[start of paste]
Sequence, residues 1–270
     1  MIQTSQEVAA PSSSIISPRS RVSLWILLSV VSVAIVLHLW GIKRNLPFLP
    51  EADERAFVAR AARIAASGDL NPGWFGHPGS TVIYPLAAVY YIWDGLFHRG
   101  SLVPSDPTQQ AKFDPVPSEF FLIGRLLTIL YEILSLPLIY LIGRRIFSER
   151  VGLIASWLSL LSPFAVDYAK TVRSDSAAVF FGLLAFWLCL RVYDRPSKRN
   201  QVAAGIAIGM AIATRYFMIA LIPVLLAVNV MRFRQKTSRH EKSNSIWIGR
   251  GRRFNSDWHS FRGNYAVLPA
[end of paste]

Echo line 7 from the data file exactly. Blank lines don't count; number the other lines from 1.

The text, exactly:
   251  GRRFNSDWHS FRGNYAVLPA